Steve Salmond bio photo

Steve Salmond

Game developer, professional coder, amateur artist

Twitter LinkedIn Instagram Tumblr Github

Introduction

Last week was Ludum Dare 30, and as usual there were a bunch of amazing entries. Congratulations to everyone who finished a game! I’ve been reviewing a bunch of entries since then and can highly recommend the following:

As for my own efforts, I’m pretty happy with how things went. My entry has plenty of flaws, but I feel like there’s some potential there.

What went right

Freeform gravity field

I think some technical aspects of the game worked nicely, such as the gravity system. I came up with a technique to allow the player to feel attractive forces from arbitrary objects in the scene. Basically, the game fires out a bunch of rays from the player every frame, looking for nearby surfaces marked as ‘Ground’. It then averages out all the surface normals (weighted by distance) and comes up with an overall gravity direction. This means you can smoothly transition from running on a planet surface to climbing a beanstalk, and can jump off the end of a stalk and ‘freefall’ to a nearby planet. Neato! The key method looks like this:

/** Return a gravity force vector, given a point in world space. */
public Vector3 ForceAt(Vector3 point)
{
	// Scatter rays out randomly, looking for solid ground.
	// When we hit it, accumulate the resulting surface normal.
	Vector3 gravity = Vector3.zero;
	for (int i = 0; i < Samples; i++)
	{
		Vector3 direction = Random.onUnitSphere;
		if (Physics.Raycast(point, direction, out hit, GroundMaxDistance, GroundLayers))
			gravity -= (hit.normal * 1 / (hit.distance * hit.distance));
	}

	// Return the overall gravity direction.
	return gravity.normalized * Strength;
}

I then use this gravity vector to apply force to and orient the player. You can check out the full source on GitHub.

Beanstalk growth algorithm

A pretty straightforward system, but injected some much needed life into the game. The beanstalk is created using a set of growth rules. At each stage, the plant figures out what possible rules it can apply given the current growth state, then performs a weighted random selection to pick one. The selected rule then produces some stalk or leaf pieces that are positioned in the correct location, and scaled up over time using coroutines. You can find the relevant code here.

Go go gadget bean!

Music

In previous Ludum Dares I have either used procedural music or recorded myself playing some bad guitar/drums. Luckily, I stumbled upon GarageBand a few months ago. What a great piece of software! It’s really easy to lay down a few notes, fix the timing/emphasis and loop them, add the next layer, and so on. Before you know it you have something that sounds like music! Here’s the track I ended up with for the game:

What went wrong

Vague initial concept

When the starter gun fired, I quickly decided to make something involving orbiting planets, and jumped straight into coding up a system for freeform gravity. It became clear as Day 1 progressed that moving the planets in orbits was going to be a bit tricky. With a naive implementation, the player was bouncing off planets or being left stranded in space as they drifted away!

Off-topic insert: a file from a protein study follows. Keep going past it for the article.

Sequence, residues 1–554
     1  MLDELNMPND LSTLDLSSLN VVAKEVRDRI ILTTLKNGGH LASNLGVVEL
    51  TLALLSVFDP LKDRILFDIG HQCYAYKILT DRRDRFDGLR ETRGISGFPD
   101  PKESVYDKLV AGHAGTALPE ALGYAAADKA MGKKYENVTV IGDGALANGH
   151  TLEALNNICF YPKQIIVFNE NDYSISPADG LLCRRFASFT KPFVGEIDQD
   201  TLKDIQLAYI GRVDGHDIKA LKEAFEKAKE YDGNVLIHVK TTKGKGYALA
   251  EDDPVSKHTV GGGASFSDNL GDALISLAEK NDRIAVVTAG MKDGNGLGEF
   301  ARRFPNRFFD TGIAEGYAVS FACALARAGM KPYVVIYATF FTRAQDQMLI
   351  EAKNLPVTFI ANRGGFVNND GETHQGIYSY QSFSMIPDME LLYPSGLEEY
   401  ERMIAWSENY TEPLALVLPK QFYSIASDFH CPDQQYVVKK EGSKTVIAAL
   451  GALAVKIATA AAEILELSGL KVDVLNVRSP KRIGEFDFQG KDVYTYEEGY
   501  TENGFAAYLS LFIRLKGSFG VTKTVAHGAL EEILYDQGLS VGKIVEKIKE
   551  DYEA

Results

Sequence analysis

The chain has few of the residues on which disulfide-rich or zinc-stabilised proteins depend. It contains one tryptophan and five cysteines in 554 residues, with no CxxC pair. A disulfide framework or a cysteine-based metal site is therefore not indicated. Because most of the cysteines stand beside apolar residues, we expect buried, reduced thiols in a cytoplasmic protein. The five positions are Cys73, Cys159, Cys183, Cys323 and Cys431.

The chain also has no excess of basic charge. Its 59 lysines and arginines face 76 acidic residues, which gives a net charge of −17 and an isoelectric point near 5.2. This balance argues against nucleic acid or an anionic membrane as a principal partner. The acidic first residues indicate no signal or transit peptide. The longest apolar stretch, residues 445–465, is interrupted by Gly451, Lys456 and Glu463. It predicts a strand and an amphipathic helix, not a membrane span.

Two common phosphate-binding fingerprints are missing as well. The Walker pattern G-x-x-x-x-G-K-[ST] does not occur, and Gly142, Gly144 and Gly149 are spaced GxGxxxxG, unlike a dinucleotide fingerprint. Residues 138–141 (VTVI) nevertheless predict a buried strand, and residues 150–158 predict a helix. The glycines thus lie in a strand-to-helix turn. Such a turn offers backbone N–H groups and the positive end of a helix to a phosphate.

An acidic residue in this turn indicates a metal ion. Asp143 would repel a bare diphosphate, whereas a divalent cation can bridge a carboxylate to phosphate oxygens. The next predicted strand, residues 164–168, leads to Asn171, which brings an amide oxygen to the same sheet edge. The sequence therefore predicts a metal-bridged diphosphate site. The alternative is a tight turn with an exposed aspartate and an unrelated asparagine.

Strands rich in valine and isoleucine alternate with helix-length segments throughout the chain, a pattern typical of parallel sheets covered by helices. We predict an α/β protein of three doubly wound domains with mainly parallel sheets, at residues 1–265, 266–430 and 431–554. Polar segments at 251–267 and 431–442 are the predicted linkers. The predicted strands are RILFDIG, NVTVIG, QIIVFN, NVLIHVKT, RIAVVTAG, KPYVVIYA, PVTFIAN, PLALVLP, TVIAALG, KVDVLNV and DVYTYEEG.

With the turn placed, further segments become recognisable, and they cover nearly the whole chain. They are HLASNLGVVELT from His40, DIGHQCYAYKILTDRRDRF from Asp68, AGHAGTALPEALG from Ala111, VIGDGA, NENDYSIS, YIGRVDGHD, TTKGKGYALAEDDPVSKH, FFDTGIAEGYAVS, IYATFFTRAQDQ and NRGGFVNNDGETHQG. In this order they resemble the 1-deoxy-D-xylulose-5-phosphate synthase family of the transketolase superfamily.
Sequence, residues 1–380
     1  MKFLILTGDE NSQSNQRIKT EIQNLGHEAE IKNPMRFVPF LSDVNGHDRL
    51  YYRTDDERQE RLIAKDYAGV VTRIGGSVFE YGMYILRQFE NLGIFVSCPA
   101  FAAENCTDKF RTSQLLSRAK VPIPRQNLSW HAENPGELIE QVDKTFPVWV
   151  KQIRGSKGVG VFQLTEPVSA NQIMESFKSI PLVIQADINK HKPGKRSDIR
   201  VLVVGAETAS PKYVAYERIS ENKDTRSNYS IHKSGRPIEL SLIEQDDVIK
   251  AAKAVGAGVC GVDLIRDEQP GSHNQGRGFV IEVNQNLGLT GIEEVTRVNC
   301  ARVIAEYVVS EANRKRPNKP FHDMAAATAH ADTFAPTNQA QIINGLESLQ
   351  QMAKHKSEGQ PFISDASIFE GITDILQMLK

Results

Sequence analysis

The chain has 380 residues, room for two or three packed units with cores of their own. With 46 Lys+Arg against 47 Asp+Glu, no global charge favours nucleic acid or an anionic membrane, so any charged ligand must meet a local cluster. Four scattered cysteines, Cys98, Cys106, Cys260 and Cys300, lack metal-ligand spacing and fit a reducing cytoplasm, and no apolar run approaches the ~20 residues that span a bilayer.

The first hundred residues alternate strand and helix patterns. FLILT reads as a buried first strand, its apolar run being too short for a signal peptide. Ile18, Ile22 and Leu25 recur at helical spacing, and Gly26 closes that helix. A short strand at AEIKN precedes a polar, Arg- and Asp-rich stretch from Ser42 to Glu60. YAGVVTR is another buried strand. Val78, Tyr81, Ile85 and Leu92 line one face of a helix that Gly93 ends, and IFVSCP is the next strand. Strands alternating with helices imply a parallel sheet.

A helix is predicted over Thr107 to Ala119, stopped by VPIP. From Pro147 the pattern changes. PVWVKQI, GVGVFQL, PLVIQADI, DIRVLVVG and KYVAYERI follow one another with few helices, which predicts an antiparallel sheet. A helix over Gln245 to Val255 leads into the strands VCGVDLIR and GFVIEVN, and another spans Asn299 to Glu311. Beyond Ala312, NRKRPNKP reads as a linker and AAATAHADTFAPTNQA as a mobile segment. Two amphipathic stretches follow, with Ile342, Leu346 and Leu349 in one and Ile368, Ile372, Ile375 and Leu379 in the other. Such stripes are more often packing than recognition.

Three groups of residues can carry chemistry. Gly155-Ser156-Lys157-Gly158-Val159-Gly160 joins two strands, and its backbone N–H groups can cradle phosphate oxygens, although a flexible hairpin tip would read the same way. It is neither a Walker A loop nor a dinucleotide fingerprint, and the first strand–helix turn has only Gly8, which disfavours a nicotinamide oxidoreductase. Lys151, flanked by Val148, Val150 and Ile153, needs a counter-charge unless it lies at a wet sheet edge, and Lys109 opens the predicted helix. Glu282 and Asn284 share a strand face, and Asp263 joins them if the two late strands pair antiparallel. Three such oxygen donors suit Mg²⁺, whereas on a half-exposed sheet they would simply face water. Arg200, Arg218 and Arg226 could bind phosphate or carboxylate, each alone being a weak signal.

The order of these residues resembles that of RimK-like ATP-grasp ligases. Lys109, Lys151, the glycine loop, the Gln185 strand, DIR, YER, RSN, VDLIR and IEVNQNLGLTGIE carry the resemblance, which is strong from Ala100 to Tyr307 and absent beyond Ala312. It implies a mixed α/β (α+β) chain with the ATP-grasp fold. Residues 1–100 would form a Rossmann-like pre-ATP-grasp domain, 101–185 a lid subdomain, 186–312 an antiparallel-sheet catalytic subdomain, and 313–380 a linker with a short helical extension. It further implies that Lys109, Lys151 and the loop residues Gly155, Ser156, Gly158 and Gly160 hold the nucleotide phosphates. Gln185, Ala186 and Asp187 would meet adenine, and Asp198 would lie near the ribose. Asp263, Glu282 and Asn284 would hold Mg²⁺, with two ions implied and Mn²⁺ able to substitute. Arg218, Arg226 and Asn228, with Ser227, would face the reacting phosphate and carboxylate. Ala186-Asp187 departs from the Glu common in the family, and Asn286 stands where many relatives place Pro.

Initial Concept Sketch

I would have had to figure out a way to ‘reset’ the physics system when the player touched down, so that the planet became the new ‘center of the universe’ - stationary and centered about the origin. I think that should be possible, but it seemed too big a challenge to my frazzled brain at the time.

Without orbiting planets, I suddenly realized that I had no core gameplay mechanic to work with! I had some ‘bridges’ between the planets, but the whole thing seemed like it might turn out to be extremely boring. The beanstalk idea was a bit of a Hail Mary, born on Day 2 out of sheer desperation.

Floaty controls

I had a lot of trouble with getting the controls to feel good. In the end they turned out very ‘floaty’, like you’re skating on ice. I have a pretty good solution for that in the pipeline, which incidentally make the beanstalk climbing feel better too.

Crazy camera

A number of reviewers mentioned the camera going crazy as they climbed - I think the beanstalk leaves were causing that. I had inadvertently marked them as both solid and gravity-inducing, so you can get into all sorts of trouble if you bump into them. This one can easily be fixed by moving the leaves onto a different physics layer.

Limited gameplay

I ran out of time to implement enemies or other interesting gameplay elements. The plan was to have a hungry giant wandering around on each planet, giving you a definite incentive to jump from one to the next at the right time! The gems are a pretty but kinda cheap solution I shoehorned in at the eleventh hour (hence the name of the game).

Future work

I’ve been doing a bit of work towards a tidied-up post-compo version. A few of the improvements I’d like to get in:

  • Improved control feel.
  • Enemies (or at least other lifeforms - giants perhaps?)
  • Fix beanstalk leaves
  • Experiment with orbiting planets?

Well, that about wraps it up for this one. Hope to see you at the next Ludum Dare!